- Specific individual reference ranges: The optimal reference ranges for an individual can be different from the population reference ranges used by laboratories. Individual reference ranges are usually narrower (for example, 0.5 to 1.5 mIU per liter of serum TSH, rather than 0.2-4.1). Moreover, specific cut-off points between eu- and hypothyroidism may differ from one individual to another. One person may be euthyroid at a serum TSH of 0.5 and hypothyroid at 0.6, while another may be euthyroid at a TSH of 2 and hypothyroid at 2.1. Because of such inter-subject variations, when the results of thyroid tests dont match the clinical picture of thyroid dysfunction, the clinical impression of the experienced physician who has examined the patient should prevail and, if the patient is clinically hypothyroid, a therapeutic trial of thyroid hormones administered, starting at low doses.
- Tertiles, quartiles or quintiles of insufficiency may have to be considered to diagnosis hypothyroidism, rather than values below or above the reference range. Serum levels of thyroid hormones in the lower tertile, quartile or quintile, and serum levels of TSH in the upper half of the reference range, have been associated with increased disease and mortality rates, as mentioned above.
2) Excessive fluctuations of serum levels of T3, T4 and TSH: Differences up to three-fold in serum TSH and serum T4 have been found within the same individual during a single day. Such dramatic variations put the reliability of thyroid tests in question. At the time of the blood draw a person may be at his/her lowest TSH level, which is well under the upper reference range and looks reassuringly normal, while at other times s/he may be clearly above the upper reference range with a value consistent with subclinical or even overt hypothyroidism.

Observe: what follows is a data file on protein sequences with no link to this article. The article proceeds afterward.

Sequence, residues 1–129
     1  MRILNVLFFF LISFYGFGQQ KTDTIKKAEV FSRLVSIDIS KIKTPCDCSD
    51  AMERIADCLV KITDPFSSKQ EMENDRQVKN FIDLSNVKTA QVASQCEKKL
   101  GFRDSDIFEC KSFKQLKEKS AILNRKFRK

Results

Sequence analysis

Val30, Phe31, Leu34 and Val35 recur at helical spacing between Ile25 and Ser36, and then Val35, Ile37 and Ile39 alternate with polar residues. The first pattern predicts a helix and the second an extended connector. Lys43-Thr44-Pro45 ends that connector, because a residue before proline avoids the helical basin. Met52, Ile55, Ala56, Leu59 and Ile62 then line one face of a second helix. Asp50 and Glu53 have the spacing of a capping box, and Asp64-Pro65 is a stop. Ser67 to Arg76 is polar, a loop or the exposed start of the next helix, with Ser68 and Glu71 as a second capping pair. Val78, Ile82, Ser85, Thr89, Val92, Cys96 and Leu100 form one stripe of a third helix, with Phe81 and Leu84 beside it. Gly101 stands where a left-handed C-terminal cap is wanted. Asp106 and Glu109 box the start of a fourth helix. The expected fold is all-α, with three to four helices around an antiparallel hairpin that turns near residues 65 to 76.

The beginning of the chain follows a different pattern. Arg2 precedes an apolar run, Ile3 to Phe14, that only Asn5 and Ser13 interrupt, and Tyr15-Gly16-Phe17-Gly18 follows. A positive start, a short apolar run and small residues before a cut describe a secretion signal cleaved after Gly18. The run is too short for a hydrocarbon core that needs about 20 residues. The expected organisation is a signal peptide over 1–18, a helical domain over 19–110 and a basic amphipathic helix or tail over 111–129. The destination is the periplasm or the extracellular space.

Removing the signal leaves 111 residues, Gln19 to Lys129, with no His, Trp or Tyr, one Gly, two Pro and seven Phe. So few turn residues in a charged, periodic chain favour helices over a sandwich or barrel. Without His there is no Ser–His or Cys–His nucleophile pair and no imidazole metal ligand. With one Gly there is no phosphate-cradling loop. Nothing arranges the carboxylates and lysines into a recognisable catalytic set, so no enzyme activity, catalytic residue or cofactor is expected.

3) Thyroid dysfunction at the cellular level, undetectable by classical laboratory tests. A lack of thyroid activity may also be caused by a decline in the number, availability or affinity of thyroid nuclear cell receptors, in particular of T3. It is known from animal experiments that thyroid (T3) nuclear cell receptors decrease with age. This has also been observed in some human hormone deficiencies such as Addisons disease. A decline in cell receptors cannot be confirmed by classical thyroid tests, as tests for T3 nuclear cell receptors are not currently available in conventional laboratories. The only way to detect insufficient thyroid cell receptors is to evaluate the psychological and somatic effects of thyroid hormones on the body. This must be done through physical examination and interview, checking for hypothyroid signs and symptoms. Useful information might be deduced by testing the peripheral effects of thyroid hormones on serum parameters that increase in proportion to thyroid activity, such as serum SHBG (sex hormone binding globulin), alcalin phosphatase or osteocalcin, and/or that decrease with increasing thyroid function, such as serum total cholesterol. Alternatively, we could test for direct metabolites of T3, namely the T2s (diiodothyronines), but these tests are not yet available. Furthermore, even if thyroid hormone serum levels and receptors are optimal, vitamins, trace elements, minerals or amino acids necessary for enzyme production or function could be deficient, thereby reducing the efficacy of metabolic reactions under control of thyroid hormones.